I build software to help people all over the world share their ideas and create amazing things together. I've also been playing drums since I was six, and this website is mostly about music.

I was one of a few thousand people born in Wyoming in 1972, and I’m proud of my home state. When I lived there, I started taking drum lessons from a couple of guys who worked with the Casper Troopers, the local drum and bugle corps; this gave me a solid grounding in traditional snare drum technique which has served me well throughout my musical career.

I moved to La Cañada, California (near Los Angeles) shortly before my ninth birthday, and it blew my mind. I was lucky to have a wonderful fourth grade teacher—Mrs. Rodearmel—who saw the promise of personal computers and developed a prescient program to get an Apple II+ in our classroom. After a few lessons on how to program with Logo, I was hooked, and I’ve been programming computers ever since.

La Cañada is next to NASA’s Jet Propulsion Laboratory and Caltech, and I am thankful to the many scientists and engineers there who nurtured my budding interest in math and physics, most of whom I met through Boy Scout Troop 509. In particular, Jay Lieske, John Wellman, and Jim Breckinridge answered the endless questions that led to my 8th grade science project on the physics of catapults. Their generosity and enthusiasm initiated my lifelong interest in mathematical physics.

For a budding musician, there may be no better place to grow up than Los Angeles, and I was unreasonably lucky to study with two top notch musicians and mentors: Frank Logar and Raynor Carroll.

Frank was the consummate L.A. gigging pro, with live and studio dates all over the city and some really amazing credits (including Elvis Presley). Frank taught me everything I know about professionalism (and most everything I know about non-classical percussion). Sadly, he died a few years ago, but every year there’s a celebration in his name: the Frank Logar Gathering of Musicians, which raises money for music scholarships. It was an honor to know him.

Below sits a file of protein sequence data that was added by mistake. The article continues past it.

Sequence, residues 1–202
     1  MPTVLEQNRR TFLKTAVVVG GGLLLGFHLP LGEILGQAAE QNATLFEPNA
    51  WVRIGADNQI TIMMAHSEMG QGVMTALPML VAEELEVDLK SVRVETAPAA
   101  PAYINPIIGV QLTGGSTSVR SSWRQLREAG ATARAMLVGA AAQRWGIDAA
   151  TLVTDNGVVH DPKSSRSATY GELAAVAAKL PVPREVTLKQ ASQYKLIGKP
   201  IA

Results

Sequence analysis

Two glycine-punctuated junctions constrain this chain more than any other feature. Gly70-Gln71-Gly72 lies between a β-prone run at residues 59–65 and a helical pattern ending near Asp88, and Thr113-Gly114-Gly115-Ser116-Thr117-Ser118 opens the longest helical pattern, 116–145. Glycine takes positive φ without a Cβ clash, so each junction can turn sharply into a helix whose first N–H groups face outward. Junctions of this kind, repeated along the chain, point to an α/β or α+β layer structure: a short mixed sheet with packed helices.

Until I started studying with Raynor, I thought of classical music as largely a matter of technique; Raynor taught me to study the score, look for the composer’s intent, and play it like real music. He also has fantastic technique and a great set of ears. A demanding teacher (in the best way), I still remember a painful lesson that consisted mostly of Raynor sadly shaking his head as I repeatedly failed to get an adequate sound from a pair of crash cymbals. I eventually learned how to listen critically and how to practice effectively, and I got a lifetime’s worth of musical education in a few short years.

In college, I attempted to combine my interests in music and academics by pursuing a double-degree program at Northwestern. A combination of wide-ranging interests and uneven study habits led me to nearly get degrees in percussion performance, economics, psychology, philosophy, political science, and physics. I ultimately graduated with a degree in applied math, rather later than my parents might have hoped.

While I was at Northwestern, my parents were unimpressed at the extent to which I was applying myself to my studies. They offered me a deal: if I didn’t make the dean’s list next quarter, I had to pay for school myself. I missed it by a few hundredths of a point, and thus I had to figure out how to come up with a fair amount of money in a fairly short time. I decided that the best way to do this would be to start a software company (a decision that actually didn’t make a lot of sense), but it turned out OK. I hung out my shingle as Nerdworks Software and hustled up whatever business I could find. Some of this was great (I did good work at a fraction of what my clients would have had to pay otherwise) and some was pretty rough (when I massively underbid a large project and ended up working essentially for free for six months before I finally admitted defeat).

When I graduated, I decided it might be interesting to work for someone else for a while and learn from them. I joined ZS Associates, a small consulting firm which has since grown into a not-so-small consulting firm, and I eventually became a partner.

The best thing to come of my tenure at ZS was meeting my wife (who also worked at ZS) at the wedding of two mutual friends (who also met at ZS). Thus began a whole new world of marriage and parenthood, as well as the many new joys that it implies.

In September 2012, after 17 years at ZS, I decided it was time to get start my own company again. Today, I’m having a blast building the next big thing in collaboration software. I’m counting the weeks until it’s ready to launch. Exciting times!